Josie Lee watched most of Tufts University’s Division III Final Four run last year from the bench. It was an unfamiliar vantage point for the former Cony star, but she was determined to make the most of it.

“Last year, I was just trying to take everything all in. I tried to learn from everybody,” she said.

Lee took what she learned and applied it to her offseason workouts, which helped her become a valuable contributor off the bench for the Jumbos as a 5-foot-7 sophomore guard.

With Tufts on the cusp of another New England Small College Athletic Conference championship, Lee saw her role change dramatically due to a season-ending ACL injury to starting guard Hannah Foley during the conference semifinals. Lee stepped into the starting lineup in the conference title game and showed her versatility with 12 points, six rebounds, five assists and three steals in Tufts’ 68-52 win over Bowdoin.

Tufts coach Carla Berube said Lee did plenty during the regular season to earn the faith of her teammates and coaches that she could fill the void left when their third-leading scorer went down.

“She’s been playing well all season long,” Berube said. “She really stepped into a nice role for us and we really haven’t skipped a beat with her in the starting lineup.”

Berube didn’t have to worry about Lee being a reluctant shooter, as reserves often are when they find themselves thrust into the starting lineup.

“I knew having to start I was going to have to be more of an offensive threat, because Hannah is the best 3-point shooter in NESCAC,” Lee said.

Lee acknowledged she might not have been so willing to look for her offense under the same circumstances last year. But an offseason spent working on her shooting and in the weight room made her stronger and more confident as a sophomore.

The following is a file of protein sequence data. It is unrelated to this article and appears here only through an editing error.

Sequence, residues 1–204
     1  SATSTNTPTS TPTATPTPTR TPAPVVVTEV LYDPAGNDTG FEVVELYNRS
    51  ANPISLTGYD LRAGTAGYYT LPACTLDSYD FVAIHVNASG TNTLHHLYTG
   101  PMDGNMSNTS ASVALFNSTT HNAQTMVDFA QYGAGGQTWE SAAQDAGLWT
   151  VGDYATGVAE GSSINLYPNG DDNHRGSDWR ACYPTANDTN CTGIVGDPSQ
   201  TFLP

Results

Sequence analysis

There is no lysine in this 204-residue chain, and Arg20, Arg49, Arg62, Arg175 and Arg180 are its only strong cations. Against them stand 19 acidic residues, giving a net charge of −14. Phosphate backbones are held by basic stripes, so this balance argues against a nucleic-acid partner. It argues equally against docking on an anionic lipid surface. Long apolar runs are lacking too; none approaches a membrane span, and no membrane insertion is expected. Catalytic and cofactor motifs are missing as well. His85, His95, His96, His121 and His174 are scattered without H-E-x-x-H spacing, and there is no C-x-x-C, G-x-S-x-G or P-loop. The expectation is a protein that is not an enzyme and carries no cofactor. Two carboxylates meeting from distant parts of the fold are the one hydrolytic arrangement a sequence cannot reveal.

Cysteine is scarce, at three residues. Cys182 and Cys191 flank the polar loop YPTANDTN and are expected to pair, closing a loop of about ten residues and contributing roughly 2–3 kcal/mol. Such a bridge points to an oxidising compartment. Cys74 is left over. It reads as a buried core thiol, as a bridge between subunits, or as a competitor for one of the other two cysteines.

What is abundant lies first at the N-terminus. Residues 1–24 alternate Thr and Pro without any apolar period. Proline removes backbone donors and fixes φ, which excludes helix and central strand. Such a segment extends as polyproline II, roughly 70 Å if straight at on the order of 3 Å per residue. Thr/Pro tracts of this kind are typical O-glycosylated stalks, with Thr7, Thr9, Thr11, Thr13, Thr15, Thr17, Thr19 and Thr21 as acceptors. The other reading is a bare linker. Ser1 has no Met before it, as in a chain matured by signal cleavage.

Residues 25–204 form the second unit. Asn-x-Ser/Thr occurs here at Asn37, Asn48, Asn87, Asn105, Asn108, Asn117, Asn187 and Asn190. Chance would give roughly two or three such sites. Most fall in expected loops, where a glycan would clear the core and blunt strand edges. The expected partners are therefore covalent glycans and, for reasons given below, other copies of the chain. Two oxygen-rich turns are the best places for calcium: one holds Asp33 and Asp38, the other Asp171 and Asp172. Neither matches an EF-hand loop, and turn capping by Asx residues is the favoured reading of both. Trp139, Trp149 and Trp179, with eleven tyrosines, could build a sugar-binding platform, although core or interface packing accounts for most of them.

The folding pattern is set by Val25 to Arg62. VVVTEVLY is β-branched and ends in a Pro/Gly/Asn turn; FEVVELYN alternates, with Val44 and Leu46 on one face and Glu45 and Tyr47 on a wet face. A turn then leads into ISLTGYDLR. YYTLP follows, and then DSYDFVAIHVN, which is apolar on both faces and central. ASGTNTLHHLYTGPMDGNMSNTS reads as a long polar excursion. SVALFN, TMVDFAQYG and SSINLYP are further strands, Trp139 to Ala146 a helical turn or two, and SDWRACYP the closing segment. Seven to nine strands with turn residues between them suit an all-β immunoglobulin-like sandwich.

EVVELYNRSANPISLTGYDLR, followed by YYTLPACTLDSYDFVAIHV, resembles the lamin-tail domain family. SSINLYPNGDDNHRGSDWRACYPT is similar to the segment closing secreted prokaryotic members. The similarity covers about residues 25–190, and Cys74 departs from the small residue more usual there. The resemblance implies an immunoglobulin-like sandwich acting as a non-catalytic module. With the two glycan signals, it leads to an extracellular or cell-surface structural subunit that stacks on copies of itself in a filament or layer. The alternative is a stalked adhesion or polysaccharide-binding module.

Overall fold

“I really worked on my strength and my speed because a lot of these girls are bigger than me.” she said. “It’s made a huge difference. I don’t feel too intimidated in the post anymore.”

She wasn’t intimidated by the moment, either, which is why she led the Jumbos’ reserves in minutes and often found herself on the floor at the end of close games.

“She was a great spark,” Berube said. “Josie plays with a lot of energy. She has a great basketball IQ. She’s great at the defensive end of the floor and offensively she makes plays.”

That includes hitting the game-tying 3-pointer with three seconds left in regulation in a 73-66 overtime victory at Hamilton. After Foley got hurt in the NESCAC tournament against Williams, Lee hit a 3-pointer that helped set off a 13-2 game-ending run in a 53-40 win.

Lee only played two minutes in last year’s Final Four, near the end of the Jumbos’ loss to Wisconsin-Whitewater in the consolation game. But Berube is confident she will be just as relaxed as the players with significant experience when Tufts faces Thomas More College of Crestville Hills, Ky., on Friday in Grand Rapids, Mich.

“She’s been in some big games for us, been a big part of those games and been in the end of some tight games,” she said. “Even though she didn’t get a lot of minutes at the Final Four last year, she knows what that stage is like.”

The Jumbos (30-1) are ranked No. 5 in the nation and have won 22 in a row. Their semifinal foe is a formidable one. Thomas More is ranked No. 1 in Division III with a 31-0 record and has the third-highest scoring offense in the nation (86.3 points per game). It leads the country in average margin of victory at an astounding 33.9 ppg.

Tufts boasts the nation’s top-ranked defense (46.7 ppg) coming off one of its best games of the year. The Jumbos held FDU-Florham, the team that beat them in last year’s national semifinal and the defending national champions, more than 30 points below its scoring average in their 58-52 quarterfinal win last Saturday.

It will take a similar defensive effort for the Jumbos to advance to the national championship game, Lee said.

“We have to really focus on keeping our defensive intensity up and make some big shots,” said Lee, an economics major.

“Having been to the Final Four before, we know what the level of play is going to be,” she said. “This year, our goal is to win the championship.”

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